Photo: Andrew Lichtenstein/Corbis via Getty Images

U.S. Citizenship and Immigration Services has continued its visa crackdown, recently releasing memos that make it easier for immigration officials to deny visa applications and begin deportation proceedings for those whose extensions or renewals are denied.

Between the lines: Family separation and ICE raids may be one of the more visible ways the Trump administration has created a hostile environment for immigrants, but with fewer headlines and more internal memos, the Department of Homeland Security has been making even legal, high-skilled immigration processes more difficult.

Where it stands: On Friday, USCIS released a memo telling officials they can deny visa applications right away, instead of first issuing a "request for evidence" (RFE) asking for more information if the application wasn't good enough on the first try. The number of RFEs have dramatically increased under Trump, but now officials can simply deny those applications.

  • Earlier this month, officials were given greater authority to start deportation proceedings by issuing "Notices to Appear" to any immigrant in the U.S. who has been denied an extension or renewal of their visa, taking them out of legal immigrant status. Before, these notices were only given in instances of fraud or criminal activity.

The memos "are intended to further restrict and discourage much-needed legal immigration," Mark Roberts, CEO of TechServe Alliance told Axios. "This abrupt change in policy will have the perverse effect of discouraging businesses from having work performed in the U.S. — a highly undesirable outcome for all workers, businesses and the economy as a whole.”

The other side: The Trump administration and many advocates for cutting immigration levels believe that these kinds of visas take jobs from American workers, and accuse companies of taking advantage of the programs in order to pay less for labor.

  • "USCIS is simply starting to enforce the law,” Mark Krikorian, executive director for the conservative Center for Immigration Studies, tells Axios. “Given the bottomless demand for the 1 million green cards we give out each year, holding applicants to strict standards is just common sense.”

Big picture: USCIS under the Trump administration has already:

"This administration said they would roll back President Obama's immigration policies and they are staying true to their word. But that objective rings hollow for many U.S. companies that are playing by the rules and struggling to meet their workforce needs."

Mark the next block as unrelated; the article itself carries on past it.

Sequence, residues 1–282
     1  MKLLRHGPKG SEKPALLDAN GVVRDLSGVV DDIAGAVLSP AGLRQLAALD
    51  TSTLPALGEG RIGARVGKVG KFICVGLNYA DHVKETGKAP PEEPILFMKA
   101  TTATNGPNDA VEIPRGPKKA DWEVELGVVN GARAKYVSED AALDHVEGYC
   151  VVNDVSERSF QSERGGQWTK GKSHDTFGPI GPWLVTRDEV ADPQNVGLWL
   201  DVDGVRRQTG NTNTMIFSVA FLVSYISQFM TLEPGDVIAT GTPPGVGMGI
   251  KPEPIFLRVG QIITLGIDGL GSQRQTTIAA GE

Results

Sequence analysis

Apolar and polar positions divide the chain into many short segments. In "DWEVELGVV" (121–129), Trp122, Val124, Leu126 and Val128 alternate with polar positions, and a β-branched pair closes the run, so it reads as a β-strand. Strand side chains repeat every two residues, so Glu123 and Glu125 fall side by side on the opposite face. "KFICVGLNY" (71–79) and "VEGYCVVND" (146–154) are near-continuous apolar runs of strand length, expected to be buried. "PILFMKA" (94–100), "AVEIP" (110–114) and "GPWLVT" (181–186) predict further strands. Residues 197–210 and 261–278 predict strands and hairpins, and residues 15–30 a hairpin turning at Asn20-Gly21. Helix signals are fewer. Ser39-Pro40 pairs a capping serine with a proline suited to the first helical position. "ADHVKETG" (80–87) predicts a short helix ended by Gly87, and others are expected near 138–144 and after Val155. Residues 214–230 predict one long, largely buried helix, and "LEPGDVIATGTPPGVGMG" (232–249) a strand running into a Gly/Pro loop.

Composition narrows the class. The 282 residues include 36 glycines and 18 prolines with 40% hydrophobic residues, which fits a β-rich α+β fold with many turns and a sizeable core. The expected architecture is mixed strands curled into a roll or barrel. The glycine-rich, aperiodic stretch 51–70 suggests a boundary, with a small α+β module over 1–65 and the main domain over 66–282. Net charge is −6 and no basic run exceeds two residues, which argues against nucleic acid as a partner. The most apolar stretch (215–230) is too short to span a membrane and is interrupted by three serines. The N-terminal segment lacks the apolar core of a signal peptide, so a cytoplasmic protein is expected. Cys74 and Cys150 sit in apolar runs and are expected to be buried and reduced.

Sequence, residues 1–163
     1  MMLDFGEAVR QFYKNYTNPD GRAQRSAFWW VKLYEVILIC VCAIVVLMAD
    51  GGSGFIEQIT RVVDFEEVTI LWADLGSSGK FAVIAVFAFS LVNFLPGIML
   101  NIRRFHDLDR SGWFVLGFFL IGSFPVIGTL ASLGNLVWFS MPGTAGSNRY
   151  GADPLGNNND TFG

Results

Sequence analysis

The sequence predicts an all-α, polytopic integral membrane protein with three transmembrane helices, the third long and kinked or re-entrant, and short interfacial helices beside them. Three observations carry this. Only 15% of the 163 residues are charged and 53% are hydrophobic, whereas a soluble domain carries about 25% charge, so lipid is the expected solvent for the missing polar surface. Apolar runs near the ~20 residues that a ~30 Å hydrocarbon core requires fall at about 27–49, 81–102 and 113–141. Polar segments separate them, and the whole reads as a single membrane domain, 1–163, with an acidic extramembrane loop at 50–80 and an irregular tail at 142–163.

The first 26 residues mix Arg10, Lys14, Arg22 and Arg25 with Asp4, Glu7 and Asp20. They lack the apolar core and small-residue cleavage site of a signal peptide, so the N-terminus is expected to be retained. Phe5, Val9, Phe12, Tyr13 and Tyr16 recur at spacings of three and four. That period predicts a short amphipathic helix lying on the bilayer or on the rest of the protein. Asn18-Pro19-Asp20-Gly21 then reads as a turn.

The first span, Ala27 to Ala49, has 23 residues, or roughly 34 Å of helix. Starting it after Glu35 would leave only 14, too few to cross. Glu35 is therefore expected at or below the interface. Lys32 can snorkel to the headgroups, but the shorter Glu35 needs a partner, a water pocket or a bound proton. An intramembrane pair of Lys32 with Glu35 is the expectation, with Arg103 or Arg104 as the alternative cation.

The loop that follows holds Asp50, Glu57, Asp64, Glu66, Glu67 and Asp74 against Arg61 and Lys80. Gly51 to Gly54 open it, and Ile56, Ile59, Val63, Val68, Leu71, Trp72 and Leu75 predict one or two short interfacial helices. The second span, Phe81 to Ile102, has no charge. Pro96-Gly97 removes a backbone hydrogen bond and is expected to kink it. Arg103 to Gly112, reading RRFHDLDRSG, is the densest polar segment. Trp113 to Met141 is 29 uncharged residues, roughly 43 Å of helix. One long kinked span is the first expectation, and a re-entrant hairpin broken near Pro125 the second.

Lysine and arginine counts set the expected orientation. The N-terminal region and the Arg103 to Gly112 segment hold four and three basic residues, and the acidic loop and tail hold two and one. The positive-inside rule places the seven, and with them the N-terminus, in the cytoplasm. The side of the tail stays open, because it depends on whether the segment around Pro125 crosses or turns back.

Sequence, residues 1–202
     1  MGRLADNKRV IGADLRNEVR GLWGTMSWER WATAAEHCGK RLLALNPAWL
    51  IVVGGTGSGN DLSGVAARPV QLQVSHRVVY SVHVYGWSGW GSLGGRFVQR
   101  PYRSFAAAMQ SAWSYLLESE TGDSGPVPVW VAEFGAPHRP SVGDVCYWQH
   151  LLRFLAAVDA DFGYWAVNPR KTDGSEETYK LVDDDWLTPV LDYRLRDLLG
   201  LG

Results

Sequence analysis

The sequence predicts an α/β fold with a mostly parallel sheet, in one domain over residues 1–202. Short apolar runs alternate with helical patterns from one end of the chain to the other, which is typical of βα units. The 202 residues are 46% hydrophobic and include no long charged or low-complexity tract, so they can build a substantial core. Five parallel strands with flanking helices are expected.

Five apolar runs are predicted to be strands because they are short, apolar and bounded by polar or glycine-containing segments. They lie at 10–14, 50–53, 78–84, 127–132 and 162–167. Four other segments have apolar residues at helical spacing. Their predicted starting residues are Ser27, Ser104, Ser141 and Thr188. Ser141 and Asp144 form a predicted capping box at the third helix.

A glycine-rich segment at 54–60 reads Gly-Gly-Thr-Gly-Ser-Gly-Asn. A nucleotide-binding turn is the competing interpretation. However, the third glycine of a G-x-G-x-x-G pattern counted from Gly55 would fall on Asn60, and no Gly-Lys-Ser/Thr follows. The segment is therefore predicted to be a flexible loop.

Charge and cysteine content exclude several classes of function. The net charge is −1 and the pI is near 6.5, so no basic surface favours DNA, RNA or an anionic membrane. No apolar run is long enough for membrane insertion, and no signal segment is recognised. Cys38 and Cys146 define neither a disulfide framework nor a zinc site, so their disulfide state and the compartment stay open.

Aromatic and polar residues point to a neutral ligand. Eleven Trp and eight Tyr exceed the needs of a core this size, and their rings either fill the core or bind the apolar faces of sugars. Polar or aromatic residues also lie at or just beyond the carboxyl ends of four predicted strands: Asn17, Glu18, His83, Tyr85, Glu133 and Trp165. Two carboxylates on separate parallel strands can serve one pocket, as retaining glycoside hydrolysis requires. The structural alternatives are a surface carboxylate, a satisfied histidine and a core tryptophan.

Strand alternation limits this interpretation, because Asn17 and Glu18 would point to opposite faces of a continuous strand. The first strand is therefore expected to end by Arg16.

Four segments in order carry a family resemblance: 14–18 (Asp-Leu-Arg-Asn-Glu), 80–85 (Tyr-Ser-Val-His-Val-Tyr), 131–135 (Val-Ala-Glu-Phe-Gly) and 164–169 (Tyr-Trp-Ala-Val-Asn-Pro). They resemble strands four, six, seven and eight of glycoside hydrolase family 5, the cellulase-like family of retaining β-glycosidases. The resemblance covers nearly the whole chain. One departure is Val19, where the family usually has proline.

— Lynden Melmed, partner at BAL and former USCIS chief counsel, told Axios

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U.S. policy shift will allow taxpayer funding for projects in West Bank settlements

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The U.S. and Israel will announce tomorrow that they are expanding three agreements on scientific cooperation to include Israeli settlements in the West Bank, Israeli and U.S. officials tell me.

Why it matters: This is a substantial policy shift for the U.S., which did not previously allow its taxpayers' money to be spent in the Israeli settlements.

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McConnell: Confirming Amy Coney Barrett will help GOP retain Senate

Photo: Samuel Corum/Getty Images

Senate Majority Leader Mitch McConnell (R-Ky.) expressed no regrets about Judge Amy Coney Barrett's controversial confirmation, telling Politico in an interview that he believes the decision to place her on the Supreme Court just a week before the election will help Republicans retain the Senate.

Why it matters: With a week to go until Election Day, many Republicans are concerned that President Trump's unpopularity could cost them the Senate. McConnell has long viewed the transformation of the federal judiciary through the confirmation of young conservative judges as his defining legacy.

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